Finally, the commission notes that, in distinct contrast to the employer in Crystal Lake Cheese Factory, which refused to talk to the disabled employee about possible accommodations, the respondent in this case offered to meet with the complainant to discuss his restrictions and possible accommodations, but the complainant declined to do so. (1) Where the employee has not availed himself of an offer to meet with the prospective employer to discuss accommodations, he cannot credibly argue that it refused to consider reasonable accommodations that might have enabled him to perform the job.
Overall, the complainant's arguments demonstrate a fundamental misunderstanding of an employer's burden with respect to a disabled job applicant. The employer is not required to disregard the applicant's work restrictions and hire him anyway, when it appears that, on their face, those restrictions would prevent him from doing the job. The employer is, further, not required to seek out additional medical documentation where the information it has received from the prospective employee clearly indicates an inability to do the job. Finally, the employer is not required to offer the complainant a different job than the one for which it was advertising. The employer has a right to fill the job at issue by hiring an individual who can meet the physical requirements of the job without accommodation or with a reasonable accommodation that can be provided without hardship to the employer. Where, as here, the applicant has notified the employer that he has medical restrictions which render him unable to perform the job in question, and where there is no reasonable accommodation available which will enable him to do so, the employer may lawfully decline to hire that individual.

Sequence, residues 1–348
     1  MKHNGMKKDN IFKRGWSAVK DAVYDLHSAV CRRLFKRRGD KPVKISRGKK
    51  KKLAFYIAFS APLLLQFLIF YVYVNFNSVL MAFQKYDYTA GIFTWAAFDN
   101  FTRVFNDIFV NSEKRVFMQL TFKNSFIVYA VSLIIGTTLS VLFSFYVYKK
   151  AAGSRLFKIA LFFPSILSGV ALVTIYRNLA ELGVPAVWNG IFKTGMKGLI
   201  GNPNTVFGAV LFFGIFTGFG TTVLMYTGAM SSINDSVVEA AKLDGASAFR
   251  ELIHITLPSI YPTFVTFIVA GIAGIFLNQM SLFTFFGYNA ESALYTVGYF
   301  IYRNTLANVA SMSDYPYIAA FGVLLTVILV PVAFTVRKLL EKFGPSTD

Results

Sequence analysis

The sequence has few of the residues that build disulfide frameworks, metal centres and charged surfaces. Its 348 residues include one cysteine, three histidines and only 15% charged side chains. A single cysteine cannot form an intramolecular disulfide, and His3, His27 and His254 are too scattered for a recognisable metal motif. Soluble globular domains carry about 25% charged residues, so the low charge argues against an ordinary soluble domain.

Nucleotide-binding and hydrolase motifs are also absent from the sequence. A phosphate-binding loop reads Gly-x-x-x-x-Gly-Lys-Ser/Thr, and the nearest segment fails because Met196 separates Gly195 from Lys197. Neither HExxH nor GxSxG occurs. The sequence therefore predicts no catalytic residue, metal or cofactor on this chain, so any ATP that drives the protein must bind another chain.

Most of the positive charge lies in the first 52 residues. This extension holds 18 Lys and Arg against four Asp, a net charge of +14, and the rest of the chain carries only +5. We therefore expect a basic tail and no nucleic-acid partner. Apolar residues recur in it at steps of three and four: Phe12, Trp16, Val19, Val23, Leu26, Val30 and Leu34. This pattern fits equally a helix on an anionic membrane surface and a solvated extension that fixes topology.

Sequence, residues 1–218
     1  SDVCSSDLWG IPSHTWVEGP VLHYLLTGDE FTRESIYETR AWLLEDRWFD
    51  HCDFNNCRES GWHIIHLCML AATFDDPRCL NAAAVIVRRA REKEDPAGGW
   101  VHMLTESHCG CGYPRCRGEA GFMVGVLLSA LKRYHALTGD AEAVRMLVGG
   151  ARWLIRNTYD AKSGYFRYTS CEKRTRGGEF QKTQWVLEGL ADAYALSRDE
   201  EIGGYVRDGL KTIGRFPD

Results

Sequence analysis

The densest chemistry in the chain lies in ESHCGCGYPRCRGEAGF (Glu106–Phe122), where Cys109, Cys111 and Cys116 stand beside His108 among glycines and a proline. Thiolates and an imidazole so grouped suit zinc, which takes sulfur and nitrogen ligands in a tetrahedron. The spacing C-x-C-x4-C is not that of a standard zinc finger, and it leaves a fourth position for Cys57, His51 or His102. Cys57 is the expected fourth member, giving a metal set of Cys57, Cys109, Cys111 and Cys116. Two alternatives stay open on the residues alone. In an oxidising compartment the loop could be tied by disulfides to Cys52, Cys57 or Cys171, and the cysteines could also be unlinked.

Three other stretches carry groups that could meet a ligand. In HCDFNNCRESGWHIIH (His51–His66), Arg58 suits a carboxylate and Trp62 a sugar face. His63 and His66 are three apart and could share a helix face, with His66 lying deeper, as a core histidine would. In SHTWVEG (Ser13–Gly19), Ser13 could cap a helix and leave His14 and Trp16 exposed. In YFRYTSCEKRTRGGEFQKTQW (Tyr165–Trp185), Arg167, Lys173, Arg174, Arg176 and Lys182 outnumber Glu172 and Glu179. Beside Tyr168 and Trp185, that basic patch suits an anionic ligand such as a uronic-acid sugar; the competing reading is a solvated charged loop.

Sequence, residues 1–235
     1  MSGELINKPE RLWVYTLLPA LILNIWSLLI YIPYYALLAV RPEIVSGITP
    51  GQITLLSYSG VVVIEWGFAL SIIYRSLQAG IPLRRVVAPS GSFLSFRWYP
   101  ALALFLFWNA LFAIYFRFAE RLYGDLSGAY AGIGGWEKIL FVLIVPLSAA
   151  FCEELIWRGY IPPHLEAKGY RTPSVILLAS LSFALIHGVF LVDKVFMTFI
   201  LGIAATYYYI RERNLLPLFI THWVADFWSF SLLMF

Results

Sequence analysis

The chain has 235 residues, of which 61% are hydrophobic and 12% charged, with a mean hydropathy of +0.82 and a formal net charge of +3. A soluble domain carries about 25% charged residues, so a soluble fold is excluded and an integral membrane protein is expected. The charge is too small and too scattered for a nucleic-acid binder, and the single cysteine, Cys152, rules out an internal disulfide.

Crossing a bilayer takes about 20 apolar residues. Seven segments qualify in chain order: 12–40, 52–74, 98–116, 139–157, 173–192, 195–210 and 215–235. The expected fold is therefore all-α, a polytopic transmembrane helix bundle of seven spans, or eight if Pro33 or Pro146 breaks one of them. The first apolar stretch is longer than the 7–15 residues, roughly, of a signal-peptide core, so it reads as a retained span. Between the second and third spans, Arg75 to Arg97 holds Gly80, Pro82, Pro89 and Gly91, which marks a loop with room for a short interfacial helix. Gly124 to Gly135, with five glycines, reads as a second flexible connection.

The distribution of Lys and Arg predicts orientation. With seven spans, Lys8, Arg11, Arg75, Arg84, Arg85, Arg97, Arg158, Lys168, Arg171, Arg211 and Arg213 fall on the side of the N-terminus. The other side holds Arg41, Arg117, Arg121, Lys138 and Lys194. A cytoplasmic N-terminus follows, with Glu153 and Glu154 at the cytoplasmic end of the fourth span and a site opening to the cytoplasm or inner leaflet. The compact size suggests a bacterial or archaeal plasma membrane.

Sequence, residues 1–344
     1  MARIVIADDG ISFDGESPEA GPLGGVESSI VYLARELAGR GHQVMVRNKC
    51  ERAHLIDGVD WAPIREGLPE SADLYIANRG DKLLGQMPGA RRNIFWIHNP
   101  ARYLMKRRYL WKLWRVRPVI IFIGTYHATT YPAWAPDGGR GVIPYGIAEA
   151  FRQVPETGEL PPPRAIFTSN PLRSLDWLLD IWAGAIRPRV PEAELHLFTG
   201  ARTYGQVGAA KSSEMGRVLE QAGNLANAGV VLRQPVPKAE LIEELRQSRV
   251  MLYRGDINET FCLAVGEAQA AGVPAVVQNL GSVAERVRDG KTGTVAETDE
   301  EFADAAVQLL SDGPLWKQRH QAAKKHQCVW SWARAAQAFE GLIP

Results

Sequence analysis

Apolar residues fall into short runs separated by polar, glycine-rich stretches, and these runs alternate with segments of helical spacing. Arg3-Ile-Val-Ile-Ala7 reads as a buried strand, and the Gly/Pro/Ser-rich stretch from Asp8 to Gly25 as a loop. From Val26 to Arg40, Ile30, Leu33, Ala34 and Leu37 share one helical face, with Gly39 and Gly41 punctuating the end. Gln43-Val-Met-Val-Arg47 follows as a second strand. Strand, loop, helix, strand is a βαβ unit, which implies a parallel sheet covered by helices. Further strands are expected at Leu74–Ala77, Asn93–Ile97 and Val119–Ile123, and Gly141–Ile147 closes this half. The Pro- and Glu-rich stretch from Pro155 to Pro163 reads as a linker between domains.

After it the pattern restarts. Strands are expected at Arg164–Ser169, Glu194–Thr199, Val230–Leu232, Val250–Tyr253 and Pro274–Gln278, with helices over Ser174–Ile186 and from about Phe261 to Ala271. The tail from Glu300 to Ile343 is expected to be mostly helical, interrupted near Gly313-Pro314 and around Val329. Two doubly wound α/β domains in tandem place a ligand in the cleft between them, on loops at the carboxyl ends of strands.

NOTE: In his petition the complainant asks to amend the original complaint to include several additional allegations. However, it is too late to amend a complaint once the evidence has been presented at hearing and the decision issued. Hosey v. West Allis Memorial Hospital (LIRC July 8, 1998); Wis. Admin. Code § DWD 218.03(6)(complaint may not be amended less than 45 days before the hearing unless good cause is shown).
The complainant also contends that the administrative law judge ignored the collective bargaining agreement and federal tort laws that apply to contract standards. The complainant alleged a violation of the Wisconsin Fair Employment Act. Neither the administrative law judge nor the commission have jurisdiction over issues relating to the collective bargaining agreement or federal tort laws.
cc: Attorney Mark A. Johnson
[ Search ER Decisions ] - [ ER Decision Digest ] - [ ER Legal Resources ] - [ LIRC Home Page ]
(1)( Back ) Although the complainant now maintains that has no recollection of an offer to meet with the respondent to discuss accommodations, as he was under emotional stress from having had his labor rejected because of a perceived disability, this assertion defies credulity. The digital recordings made by the complainant of his telephone conversations with the respondent clearly establish that such an offer was made, and at the hearing the complainant acknowledged that the respondent extended such an offer. ?? ?? ?? ??